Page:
What are sesamoids?
Sesamoids are bones that are only connected to the tendons or are embedded in muscle unlike most bones in the body that are connected by joints. The kneecap is the largest sesamoid in the body and there are two other much smaller sesamoids underside of the forefoot near the big toe. The sesamoids help absorb pressure under the foot when walking and standing and relieve friction in the soft tissue under the joint of the toe when the big toe moves. Like other bones, sesamoids can fracture. Additionally, the tendons surrounding the sesamoids can become irritated or inflamed. This is called sesamoiditis and is a form of tendinitis.
What are the symptoms of a sesamoid injury?
- Pain caused by sesamoiditis is localized on the ball of the foot under the big toe
- The foot pain usually begins as a mild ache and increases gradually if the aggravating activity is continued
- Pain from a fracture in the sesamoid is felt immediately with swelling and bruising only being present in some cases.
- It may be difficult and painful to straighten and bend the big toe.
- Pain reduced with rest and increases with weight-bearing activities
Treatment is usually non-surgical, however, surgery to remove the sesamoid bone may be recommended if the conditions do not improve with non-operative treatment.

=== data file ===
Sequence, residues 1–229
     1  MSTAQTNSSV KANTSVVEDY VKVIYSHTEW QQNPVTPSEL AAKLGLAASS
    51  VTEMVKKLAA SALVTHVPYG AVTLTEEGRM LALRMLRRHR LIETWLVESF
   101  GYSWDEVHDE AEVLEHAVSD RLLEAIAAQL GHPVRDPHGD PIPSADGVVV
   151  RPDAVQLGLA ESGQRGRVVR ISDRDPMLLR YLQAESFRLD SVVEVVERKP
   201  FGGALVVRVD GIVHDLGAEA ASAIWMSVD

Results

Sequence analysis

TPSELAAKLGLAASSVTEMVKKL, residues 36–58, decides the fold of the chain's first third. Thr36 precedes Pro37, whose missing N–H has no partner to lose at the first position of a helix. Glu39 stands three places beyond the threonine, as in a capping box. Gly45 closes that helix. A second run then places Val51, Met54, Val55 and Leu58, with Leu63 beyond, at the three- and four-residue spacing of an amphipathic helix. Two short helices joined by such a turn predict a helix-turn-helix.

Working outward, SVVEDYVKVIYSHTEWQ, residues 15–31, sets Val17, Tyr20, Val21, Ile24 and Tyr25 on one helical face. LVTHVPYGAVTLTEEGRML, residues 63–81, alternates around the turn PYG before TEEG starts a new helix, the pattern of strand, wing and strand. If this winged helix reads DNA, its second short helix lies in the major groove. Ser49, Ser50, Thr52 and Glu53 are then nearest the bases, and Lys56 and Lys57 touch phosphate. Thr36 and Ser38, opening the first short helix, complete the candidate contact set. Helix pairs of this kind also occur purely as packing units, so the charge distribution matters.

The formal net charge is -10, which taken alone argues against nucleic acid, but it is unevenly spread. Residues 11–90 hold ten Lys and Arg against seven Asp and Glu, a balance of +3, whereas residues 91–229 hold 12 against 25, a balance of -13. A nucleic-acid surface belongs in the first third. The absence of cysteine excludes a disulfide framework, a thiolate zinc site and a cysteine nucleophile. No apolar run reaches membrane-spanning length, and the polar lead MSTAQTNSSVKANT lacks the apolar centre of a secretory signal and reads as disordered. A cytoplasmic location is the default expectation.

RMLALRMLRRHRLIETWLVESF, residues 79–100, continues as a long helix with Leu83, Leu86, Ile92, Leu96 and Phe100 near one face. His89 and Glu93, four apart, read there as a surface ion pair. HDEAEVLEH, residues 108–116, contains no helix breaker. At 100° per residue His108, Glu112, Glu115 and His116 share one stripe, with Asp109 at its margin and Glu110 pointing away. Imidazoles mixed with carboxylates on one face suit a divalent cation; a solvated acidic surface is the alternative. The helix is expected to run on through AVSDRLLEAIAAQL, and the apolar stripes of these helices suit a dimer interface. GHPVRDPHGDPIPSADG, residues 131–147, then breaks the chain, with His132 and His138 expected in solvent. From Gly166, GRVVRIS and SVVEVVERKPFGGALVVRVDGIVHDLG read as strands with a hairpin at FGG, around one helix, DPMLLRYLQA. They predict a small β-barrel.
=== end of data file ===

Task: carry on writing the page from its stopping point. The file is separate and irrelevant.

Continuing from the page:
- Reduce physical activity, rest your foot and use an ice pack on the affected area but do not apply ice directly to the skin.
- You will need to wear a stiff-soled shoe or a Moon Boot in serious cases
- Your podiatrist may tape the joint to limit movement of the big toe.
- J-shaped pad around the area of the sesamoid can relieve pressure as the area heels
- Pain relievers such as aspirin or ibuprofen may be recommended.
- It may take several weeks for the discomfort to subside if sesamoids are fractured
- Cushioning pads or other orthotic devices are prescribed by your podiatrist and are often helpful if the cause is foot abnormalities
- Occasionally, surgical fixation of a fractured sesamoid is needed.
Long term care
- Wear cushioning pads in your shoes to relieve stress and use soft-soled, low-heeled shoes.
- Resume physical activity gradually and continue wearing the cushioning pads to support the sesamoids.
- Avoid activities that are high impact on the balls of the foot or involve hyperextension of the big toe